Lina Lamont

"What do you think I am, dumb or something?"

I think it’s all over – final musings on the NZFF 2013

This post first appeared on Watt to Watch at on 4th August 2013

As I write, the seven venues that have hosted the Auckland film festival should hopefully be packed as keen locals get their final fix of this year’s best arthouse fare. The rush of the last fortnight ended for me last night on something of an ambivalent low, but not before I’d seen three of my overall festival highlights.


As hoped, Joss Whedon’s adaptation of Much Ado About Nothing delivered in spades. Assembling a terrific cast of quasi-familiar faces at his Santa Monica home, he shot the film over 12 days, evidenced in the pace and energy appropriate for one of the Bard’s best comedies. A tale of two sets of lovers, the story doesn’t need repeating here but what matters is that Whedon retains the original language (with imperceptible abridgement) and every single performance is so good you not only know exactly what’s going on in the action but you capture every joke. And boy is it funny. Shot in black and white, the film is a laugh-out-loud delight from go to whoa. Imperative viewing for anyone with a heart and the merest scraping of a wit.

Ernest & Celestine was my only animated outing this year, and the Cannes 2012 film was also an absolute treat. In French (but subtitled of course), Ernest the hungry bear encounters Celestine the kindly mouse, and their unorthodox (and outlawed) friendship gets them in and out of all sorts of scrapes as it enriches both their lives. The drawing is exquisite, appropriately “old-school” in its rendering of a French town where both species live in peaceably separate communities. My seven year old companion loved it, and having spent a good while counting some of the 450 elephants in the Civic Theatre afterwards, I think she’ll be asking to come back next year.

Ernest & Celestine

Solid films both but by their nature and subject matter less charming were the excellent Romanian film Child’s Pose and Ulrich Seidl’s PARADISE: Hope.

Having avoided seeing Seidl’s Love film at Cannes last year because I didn’t think I was up for his brutal truths about the pain of the world, I was ambivalent about seeing PARADISE: Hope this year. And while I gather this one is less grim than his previous two PARADISE films, Seidl’s conclusion to the trilogy still expertly instils a feeling of unease and distaste.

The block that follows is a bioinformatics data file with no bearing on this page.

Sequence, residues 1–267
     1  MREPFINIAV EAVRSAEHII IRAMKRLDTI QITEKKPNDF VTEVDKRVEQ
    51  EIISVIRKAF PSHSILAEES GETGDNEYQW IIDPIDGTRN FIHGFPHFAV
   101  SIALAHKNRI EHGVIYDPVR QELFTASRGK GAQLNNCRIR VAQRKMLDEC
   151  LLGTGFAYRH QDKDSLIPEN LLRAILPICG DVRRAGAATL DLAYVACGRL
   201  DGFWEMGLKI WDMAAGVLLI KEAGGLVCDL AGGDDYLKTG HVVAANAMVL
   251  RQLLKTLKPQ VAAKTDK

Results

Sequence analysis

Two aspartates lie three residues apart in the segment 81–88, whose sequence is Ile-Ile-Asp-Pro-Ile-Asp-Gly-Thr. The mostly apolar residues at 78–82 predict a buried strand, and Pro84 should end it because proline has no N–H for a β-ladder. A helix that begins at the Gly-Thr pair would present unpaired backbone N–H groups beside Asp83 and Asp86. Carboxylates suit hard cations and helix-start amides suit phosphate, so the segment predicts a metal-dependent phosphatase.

13-year old Melanie joins a group of kids at Diet Camp, and while there is plenty of footage of the youngsters doing hapless star jumps and striding through the rain with ski poles, it’s the after hours teenage shenanigans and the natural hormonal instincts of youth that interest Seidl the most. Just as his Love story followed plump, middle-aged sex tourists in Africa, here the scent of potential sex permeates the whole movie. Seidl’s cleverness (or masterful manipulation, if you prefer) is his ability to take his characters right to the precipice of unwelcome behaviour but never quite have them jump off. The sense of audience unease is palpable, but it’s not like you leave the cinema heaving a sigh of relief. Disquieting, certainly, and while narratively a bit unsatisfying, perhaps it’s better he stopped where he did…

Child's Pose

Similarly gritty, Child’s Pose showcases an exceptional performance from Luminita Gheorghiu as Cornelia, a bourgeois Budapest mother whose love for her son moves her to incredible lengths to protect his future after he is charged with killing a child. The 34-year old son, by comparison, is a devastating mix of immature, ungrateful and vicious. The story arc and dialogue is painfully realistic, and though it’s not (nor meant to be) a “fun” watch, Child’s Pose is a great film.

The festival’s closing night film was Jim Jarmusch’s luscious Only Lovers Left Alive. I could never be said to actually like Tilda Swinton, but the English actress has been blowing me away for decades, with every performance from the transgendered Orlando to her sweaty-armpitted lawyer in Michael Clayton. Here she plays Eve to Tom Hiddleston’s Adam, two lovers of the night whose dark ways are made considerably less creepy or clichéd by the fact their life story crosses several centuries.

Nevermind Swinton is 20 years older than Hiddleston – their love-match is touching and deeply romantic and full of wit. The kooky cast includes John Hurt as Christopher Marlowe, who laments his best work was appropriated by that damn Shakespeare; Mia Wasikowska as Eve’s naughty little sister; and Jeffrey Wright (there’s a nod to Wright’s breakout film role as Jean-Michel Basquiat in Eve’s choice of travel reading). Jarmusch has crafted a hilarious, exotic, delicious film that is a fitting close to this extremely fine festival.

On a closing note, a few recommendations for those in other centres who are still planning their NZIFF time. My favourite films (not quite in order of ecstasy): Antarctica: A Year on Ice; Which Way is the Front Line from Here?; Omar; What Maisie Knew; The Selfish Giant; Utu – Redux; A Hijacking; Only Lovers Left Alive; Much Ado About Nothing; Gideon’s Army; Dial M for Murder.

I hope that helps you to narrow your choices down!


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